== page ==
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A cognitive model of converting scientific evidence on treatment effects into prognostic information in clinical practice

Levente Kriston


Rationale, aims and objectives: Little is known about the cognitive processes of how population-based scientific evidence is utilized in the treatment of individual patients. The present work aims to outline a formalized framework of converting scientific evidence on treatment effects into prognostic information in clinical practice and describes a pilot study for illustration of how the framework can be used in research.

Method:The proposed theoretical framework considers the human mind as a limited capacity information processing system. This system codes external stimuli into internal inputs, which are then processed through several steps towards an evidence-informed clinical output. A small-scale pilot study including 130 laypersons was performed. Participants were asked to make probabilistic prognostic statements based on a fictional study (“evidence”) and a fictional case vignette (“clinical context”).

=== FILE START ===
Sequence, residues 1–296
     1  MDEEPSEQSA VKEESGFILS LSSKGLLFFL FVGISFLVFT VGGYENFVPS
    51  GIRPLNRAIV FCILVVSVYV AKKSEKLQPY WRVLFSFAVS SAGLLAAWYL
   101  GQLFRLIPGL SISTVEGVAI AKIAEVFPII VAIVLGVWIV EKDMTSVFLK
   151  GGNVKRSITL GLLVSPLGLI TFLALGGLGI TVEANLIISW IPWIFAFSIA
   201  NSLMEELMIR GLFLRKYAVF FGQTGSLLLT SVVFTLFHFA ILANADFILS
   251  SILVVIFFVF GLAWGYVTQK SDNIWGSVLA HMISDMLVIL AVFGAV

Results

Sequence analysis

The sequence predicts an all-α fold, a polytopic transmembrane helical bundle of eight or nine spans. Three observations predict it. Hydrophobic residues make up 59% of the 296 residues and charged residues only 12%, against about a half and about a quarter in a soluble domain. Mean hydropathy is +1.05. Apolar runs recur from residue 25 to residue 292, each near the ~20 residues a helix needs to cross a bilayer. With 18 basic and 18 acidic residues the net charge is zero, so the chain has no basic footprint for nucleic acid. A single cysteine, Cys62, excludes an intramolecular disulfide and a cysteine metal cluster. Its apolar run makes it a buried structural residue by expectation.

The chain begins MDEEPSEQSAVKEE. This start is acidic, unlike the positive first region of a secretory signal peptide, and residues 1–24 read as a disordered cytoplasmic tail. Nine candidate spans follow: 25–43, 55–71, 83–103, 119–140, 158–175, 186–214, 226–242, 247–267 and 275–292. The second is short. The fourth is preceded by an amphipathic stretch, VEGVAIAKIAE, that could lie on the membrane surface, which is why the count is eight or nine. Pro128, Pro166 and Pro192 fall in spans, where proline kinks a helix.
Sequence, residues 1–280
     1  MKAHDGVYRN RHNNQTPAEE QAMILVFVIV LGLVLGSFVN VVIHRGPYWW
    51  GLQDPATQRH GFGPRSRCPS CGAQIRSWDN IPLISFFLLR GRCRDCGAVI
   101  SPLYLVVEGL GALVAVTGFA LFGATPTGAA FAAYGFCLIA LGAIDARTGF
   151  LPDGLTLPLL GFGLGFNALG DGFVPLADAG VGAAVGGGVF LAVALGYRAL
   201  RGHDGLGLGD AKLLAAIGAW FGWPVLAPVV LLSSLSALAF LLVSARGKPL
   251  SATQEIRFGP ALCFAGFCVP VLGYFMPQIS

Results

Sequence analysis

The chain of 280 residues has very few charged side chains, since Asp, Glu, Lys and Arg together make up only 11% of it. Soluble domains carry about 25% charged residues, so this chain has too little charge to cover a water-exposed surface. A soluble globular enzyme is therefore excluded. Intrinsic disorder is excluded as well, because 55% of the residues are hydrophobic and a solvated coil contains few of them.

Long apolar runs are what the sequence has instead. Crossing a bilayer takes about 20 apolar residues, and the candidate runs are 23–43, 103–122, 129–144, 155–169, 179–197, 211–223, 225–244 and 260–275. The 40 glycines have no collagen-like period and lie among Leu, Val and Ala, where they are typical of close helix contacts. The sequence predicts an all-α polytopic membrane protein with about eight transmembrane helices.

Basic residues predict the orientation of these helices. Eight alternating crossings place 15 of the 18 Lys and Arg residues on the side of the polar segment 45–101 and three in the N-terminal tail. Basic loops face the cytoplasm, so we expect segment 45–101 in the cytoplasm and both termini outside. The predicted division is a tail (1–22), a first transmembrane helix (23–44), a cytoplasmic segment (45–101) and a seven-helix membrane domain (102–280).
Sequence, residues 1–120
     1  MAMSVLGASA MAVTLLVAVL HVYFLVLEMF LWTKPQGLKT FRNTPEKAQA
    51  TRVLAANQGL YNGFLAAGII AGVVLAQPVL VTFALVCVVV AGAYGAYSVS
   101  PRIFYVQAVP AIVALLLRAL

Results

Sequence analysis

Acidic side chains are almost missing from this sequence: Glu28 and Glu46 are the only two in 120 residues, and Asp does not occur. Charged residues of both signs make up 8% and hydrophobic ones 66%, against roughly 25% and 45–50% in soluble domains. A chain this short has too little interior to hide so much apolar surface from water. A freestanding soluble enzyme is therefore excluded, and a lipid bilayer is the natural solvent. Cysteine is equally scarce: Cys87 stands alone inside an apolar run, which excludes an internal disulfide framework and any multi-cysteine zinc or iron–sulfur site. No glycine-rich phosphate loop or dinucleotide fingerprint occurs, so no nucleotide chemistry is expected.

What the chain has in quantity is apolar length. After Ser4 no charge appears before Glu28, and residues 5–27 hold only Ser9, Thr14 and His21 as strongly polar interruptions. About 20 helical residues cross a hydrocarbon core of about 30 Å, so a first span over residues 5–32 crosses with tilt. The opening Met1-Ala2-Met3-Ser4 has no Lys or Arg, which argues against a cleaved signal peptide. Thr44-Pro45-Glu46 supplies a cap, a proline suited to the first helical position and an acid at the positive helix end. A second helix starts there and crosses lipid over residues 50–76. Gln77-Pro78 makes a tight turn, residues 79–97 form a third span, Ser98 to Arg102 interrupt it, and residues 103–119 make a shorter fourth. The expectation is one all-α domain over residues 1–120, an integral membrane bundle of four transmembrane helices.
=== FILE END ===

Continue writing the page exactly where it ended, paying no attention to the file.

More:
Results: Several cognitive processes were defined, including coding of the attributes of the evidence and the clinical context, integration of the information in a similarity-dissimilarity matrix and calculating the prognostic output. Frequently required operations, such as extrapolation, individualization, particularization, generalization and absolutization of the information were outlined. The presented framework was shown to be useful in analyzing and interpreting the pilot study data.

Conclusions:The postulated model holds great potential for investigating cognitive processes included in evidence-informed clinical care.


Absolutization, applicability, clinical context, clinical knowledge, cognitive psychology, decision-making, empirical knowledge, evidence-based medicine, external validity, extrapolation, generalizability, individualization, particularization

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